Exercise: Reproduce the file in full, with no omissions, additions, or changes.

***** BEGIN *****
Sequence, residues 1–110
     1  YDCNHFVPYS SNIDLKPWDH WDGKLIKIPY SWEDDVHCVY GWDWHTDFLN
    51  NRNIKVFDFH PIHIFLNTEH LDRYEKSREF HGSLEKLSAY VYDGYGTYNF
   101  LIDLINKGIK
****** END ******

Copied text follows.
Sequence, residues 1–110
     1  YDCNHFVPYS SNIDLKPWDH WDGKLIKIPY SWEDDVHCVY GWDWHTDFLN
    51  NRNIKVFDFH PIHIFLNTEH LDRYEKSREF HGSLEKLSAY VYDGYGTYNF
   101  LIDLINKGIK